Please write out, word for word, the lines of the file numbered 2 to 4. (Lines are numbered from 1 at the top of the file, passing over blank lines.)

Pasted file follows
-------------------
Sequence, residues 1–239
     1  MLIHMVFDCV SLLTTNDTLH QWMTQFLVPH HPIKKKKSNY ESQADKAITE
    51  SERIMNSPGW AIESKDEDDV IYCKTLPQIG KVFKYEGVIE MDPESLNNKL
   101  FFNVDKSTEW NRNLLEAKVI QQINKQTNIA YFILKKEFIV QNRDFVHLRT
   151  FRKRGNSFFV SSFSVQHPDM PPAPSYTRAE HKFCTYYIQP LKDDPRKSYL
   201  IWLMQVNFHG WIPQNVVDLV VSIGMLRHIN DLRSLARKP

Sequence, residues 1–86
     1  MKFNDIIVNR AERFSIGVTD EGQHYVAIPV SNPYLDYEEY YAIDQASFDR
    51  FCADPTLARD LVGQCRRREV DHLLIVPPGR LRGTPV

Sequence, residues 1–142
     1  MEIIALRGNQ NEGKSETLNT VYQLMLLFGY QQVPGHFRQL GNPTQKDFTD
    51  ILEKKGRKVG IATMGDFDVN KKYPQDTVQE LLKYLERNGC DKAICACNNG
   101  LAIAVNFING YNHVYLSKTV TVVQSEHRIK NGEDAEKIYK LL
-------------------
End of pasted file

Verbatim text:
     1  MLIHMVFDCV SLLTTNDTLH QWMTQFLVPH HPIKKKKSNY ESQADKAITE
    51  SERIMNSPGW AIESKDEDDV IYCKTLPQIG KVFKYEGVIE MDPESLNNKL
   101  FFNVDKSTEW NRNLLEAKVI QQINKQTNIA YFILKKEFIV QNRDFVHLRT